vocal works

5 songs for high voice and piano

• Duration: 20'
• Text: Yehuda Halevi (Hebrew)
• Commissioned by the Kentucky Music Teachers Association
• Premiere: Rebecca Miller, soprano, L. Bitensky, piano, 1999 Kentucky Music Teachers Association convention, 10/31/99
• Recognition: Winning entry, 1999 Music Teachers National Association - Shepherd Distinguished Composer of the Year
• Publisher: Silly Black Dog Music (ASCAP)

1. Zeh ruchacha; 2. Kiru aley; 3. Hava mabul; 4. Etsak b'leyv nameys; 5. L'cha nafshi

Yehudah Halevi, the “sweet singer of Zion,” was one of the foremost poets and philosophers during the Golden Age of Hebrew culture in medieval Muslim Spain. Described by Heine as “God kissed,” Halevi was born in Toledo sometime before 1075 and was also active as a physician, businessman, and courtier. Noted for its profound lyricism and passion, individuality, mastery of language, and skillfully woven allusions to scripture, Halevi’s poetry is generally regarded as one of the greatest achievements in the long history of Hebrew poetry. In addition to his poetry, Halevi’s legacy also includes the important philosophical treatise known as the Kuzari.

In 1140, Halevi set out on a perilous journey to his beloved Palestine, abandoning friends, family and the prosperous world in which he flourished. The texts in this cycle are from a larger set of poems that depict the emotions and dangers of this journey. Legend relates that in 1141, Halevi finally reached the ruins of the Holy Land and was murdered by an Arab marauder while singing his famous “Ode to Zion.”

The English translation is original, yet borrows heavily from Nina Salaman’s 1924 translation based on the critical text edited by Heinrich Brody.

"The rhythms of the music . . . give an evocative improvisatory effect -- and are deeply related to the rhythm and inflections of the Hebrew Language. The result is powerful. Lyrics and music combine to paint a profound portrait of a man facing both the depths of fear and loss and the heights of anticipation and faith as he sails the mighty seas on a pilgrimage, which he is compelled to make, but from which he well knows there might be no return. The listener is drawn to Halevi's experience in a personal way as his journey (both outward and inward) is depicted through Hebraic chant-like vocal lines woven closely together with compelling and intricate gestures in the piano to form a rich tapestry of sound." In Mishb'rey yam, the communication does not get lost. The music originates in a deep place and communicates to a deep place. . . In his song cycle Mishb'rey yam, Bitensky sings of some of the secrets of his quest--and 'his whole heart is in the singing.'" -- Patricia Plude, National Composer Commissioning Chair, MTNA, The American Music Teacher, June/July 2000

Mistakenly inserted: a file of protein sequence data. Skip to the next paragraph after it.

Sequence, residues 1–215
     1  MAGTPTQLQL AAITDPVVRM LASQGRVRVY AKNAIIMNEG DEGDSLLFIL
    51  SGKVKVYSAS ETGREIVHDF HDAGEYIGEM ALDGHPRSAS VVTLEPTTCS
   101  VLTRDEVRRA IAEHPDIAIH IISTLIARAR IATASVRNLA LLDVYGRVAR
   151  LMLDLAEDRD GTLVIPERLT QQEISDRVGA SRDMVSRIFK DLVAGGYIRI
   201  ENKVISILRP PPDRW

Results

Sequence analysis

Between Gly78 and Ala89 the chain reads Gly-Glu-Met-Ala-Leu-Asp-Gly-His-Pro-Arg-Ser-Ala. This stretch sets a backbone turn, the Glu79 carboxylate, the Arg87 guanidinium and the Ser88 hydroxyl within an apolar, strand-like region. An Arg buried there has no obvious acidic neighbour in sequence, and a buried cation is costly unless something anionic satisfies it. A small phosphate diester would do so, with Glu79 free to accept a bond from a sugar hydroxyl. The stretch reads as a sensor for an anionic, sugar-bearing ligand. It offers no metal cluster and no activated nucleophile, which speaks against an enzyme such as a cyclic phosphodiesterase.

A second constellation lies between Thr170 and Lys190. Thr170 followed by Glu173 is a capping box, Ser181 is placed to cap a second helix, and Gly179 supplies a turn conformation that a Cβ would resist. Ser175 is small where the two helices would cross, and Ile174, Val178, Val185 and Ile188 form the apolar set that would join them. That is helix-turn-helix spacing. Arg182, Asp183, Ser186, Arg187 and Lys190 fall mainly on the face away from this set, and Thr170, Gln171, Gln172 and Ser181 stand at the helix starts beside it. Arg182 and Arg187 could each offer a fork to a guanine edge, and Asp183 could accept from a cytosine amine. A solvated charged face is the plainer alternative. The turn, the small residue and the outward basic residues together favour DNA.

• • • • • • • • • • • • • • •

1 song for high voice and piano

• Duration: 4’
• Text: Zechariah (Hebrew)
• Publisher: Silly Black Dog Music (ASCAP)

Vayashav hamal'ach is a setting of the Hebrew text chanted on the Sabbath of Chanukah.

• • • • • • • • • • • • • • •

4 songs for medium voice and piano

• Duration: 15'
• Text: Robert Frost (English)
• Publisher: Silly Black Dog Music (ASCAP)

1. My November Guest; 2. Afterflakes; 3. Desert Places; 4. Reluctance

• • • • • • • • • • • • • • •

4 madrigals for vocal quartet (SATB) and percussion


• Duration: 14'
• Text: Children’s folk rhymes (English)
• Publisher: Silly Black Dog Music (ASCAP)

1. Blue Bells; 2. In the Old Boarding House; 3. She Sells Sea Shells; 4. Doctor Knickerbocker

Dr. K is a campy romp based on a variety of children’s folk rhymes- tongue twisters, jump rope rhymes, etc. Like all good children’s rhymes, they serve to ameliorate children’s fears of worlds they can’t understand. Thus, the texts are rife with allusions to sexuality and taboo subjects such as death and cannibalism. The model for this piece is in some respects the 16th century madrigal, with its overdone word painting, similar veiled allusions to sex and death, and frequent double meanings. The texts are treated more or less straightforwardly in the first three songs. In the last madrigal, a variety of different texts are woven together in a polyphonic tapestry.